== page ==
Organization

01. Movement for Land and Agricultural Reform (MONLAR), Rajagiriya
02. Lanka Farmer Forum (LFF), Hanguranketha
03. National Fisheries Solidarity Movement (NAFSO), Negombo
04. United Federation of Labour (UFL), Colombo 02
05. Lanka Organic Agriculture Movement (LOAM), Nugegoda
06. Uva Wellassa Women Organization (UWWO), Wellawaya
07. Weligepola Women Development Federation (WWDF), Balangoda
08. Peoples Planning Forum (PPF), Badulla
09. Peoples Planning Forum (PPF), Vavuniya
10. Peoples Planning Forum (PPF), Batticolo
11. Peoples Planning Forum (PPF), Kandy
12. Peoples Planning Forum (PPF), Rathnapura
13. Peoples Planning Forum (PPF), Kurunegala
14. Peoples Planning Forum (PPF), Anuradapura
15. Peoples Planning Forum (PPF), Galle
16. Future in Our Hand (FIOH), Badulla
17. Agriculture and Environmental Professionals Cooperative (AgEnCoop), Kandy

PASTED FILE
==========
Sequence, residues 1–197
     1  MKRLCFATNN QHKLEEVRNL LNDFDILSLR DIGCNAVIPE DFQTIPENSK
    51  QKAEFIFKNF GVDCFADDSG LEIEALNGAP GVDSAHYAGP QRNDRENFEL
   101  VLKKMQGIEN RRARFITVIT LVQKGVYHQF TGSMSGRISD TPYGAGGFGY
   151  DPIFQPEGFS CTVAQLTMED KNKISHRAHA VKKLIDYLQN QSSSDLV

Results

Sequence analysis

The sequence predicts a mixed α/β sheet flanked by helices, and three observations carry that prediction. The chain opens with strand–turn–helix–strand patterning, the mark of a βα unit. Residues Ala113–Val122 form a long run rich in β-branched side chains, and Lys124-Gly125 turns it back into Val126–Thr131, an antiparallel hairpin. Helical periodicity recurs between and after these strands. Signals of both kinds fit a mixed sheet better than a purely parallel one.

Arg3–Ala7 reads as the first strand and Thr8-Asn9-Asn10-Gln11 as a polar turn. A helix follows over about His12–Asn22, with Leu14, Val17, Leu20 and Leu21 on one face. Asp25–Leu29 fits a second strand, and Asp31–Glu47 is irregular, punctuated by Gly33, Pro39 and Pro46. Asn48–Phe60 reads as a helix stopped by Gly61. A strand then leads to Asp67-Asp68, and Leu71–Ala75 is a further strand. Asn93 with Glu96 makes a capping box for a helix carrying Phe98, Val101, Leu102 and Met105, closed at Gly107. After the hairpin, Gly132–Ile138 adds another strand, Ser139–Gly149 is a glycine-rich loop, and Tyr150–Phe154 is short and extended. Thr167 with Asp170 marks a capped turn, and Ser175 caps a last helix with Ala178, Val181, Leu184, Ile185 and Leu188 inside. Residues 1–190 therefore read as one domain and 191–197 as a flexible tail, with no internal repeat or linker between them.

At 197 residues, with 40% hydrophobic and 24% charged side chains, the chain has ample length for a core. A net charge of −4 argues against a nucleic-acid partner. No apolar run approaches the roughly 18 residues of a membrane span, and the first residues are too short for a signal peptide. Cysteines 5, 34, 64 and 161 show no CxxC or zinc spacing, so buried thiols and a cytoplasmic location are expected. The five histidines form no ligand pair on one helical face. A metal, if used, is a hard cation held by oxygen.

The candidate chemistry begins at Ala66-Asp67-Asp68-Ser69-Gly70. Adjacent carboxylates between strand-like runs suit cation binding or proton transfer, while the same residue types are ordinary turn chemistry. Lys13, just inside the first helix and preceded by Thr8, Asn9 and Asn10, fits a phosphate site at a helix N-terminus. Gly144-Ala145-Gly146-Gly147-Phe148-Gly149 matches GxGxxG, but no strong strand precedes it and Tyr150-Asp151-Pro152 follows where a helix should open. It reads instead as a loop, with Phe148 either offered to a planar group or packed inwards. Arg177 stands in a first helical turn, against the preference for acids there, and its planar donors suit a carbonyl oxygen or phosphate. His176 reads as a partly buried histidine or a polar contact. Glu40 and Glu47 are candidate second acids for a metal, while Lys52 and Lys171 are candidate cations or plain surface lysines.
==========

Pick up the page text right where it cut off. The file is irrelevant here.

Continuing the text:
18. SAVISTRI Women's Movement, Battaramulla
19. Federation of Media Employees Trade Union (FMETU), Colombo 02
20. The Ceylon Mercantile Industrial and General Workers Union (CMU), Kollupity
21. Law and Society Trust (LST), Borella
22. People's Alliance for Right to Land (PARL), Borella
23.Farmers Straggle Centre (FSC), Kegolle

Foot Note:1 Agricultural Knowledge, Science and Technology for Development (2009) “Agriculture at Crossroads: Global Report”, Available at http://wedocs.unep.org/bitstream/handle/20.500.11822/8590/Agriculture_at_a_Crossroads_Global_Report.pdf?sequence=3&isAllowed=y

Foot Note:2 Agricultural Knowledge, Science and Technology for Development (2009) “Agriculture at Crossroads: Global Report”, Available at http://wedocs.unep.org/bitstream/handle/20.500.11822/8590/Agriculture_at_a_Crossroads_Global_Report.pdf?sequence=3&isAllowed=y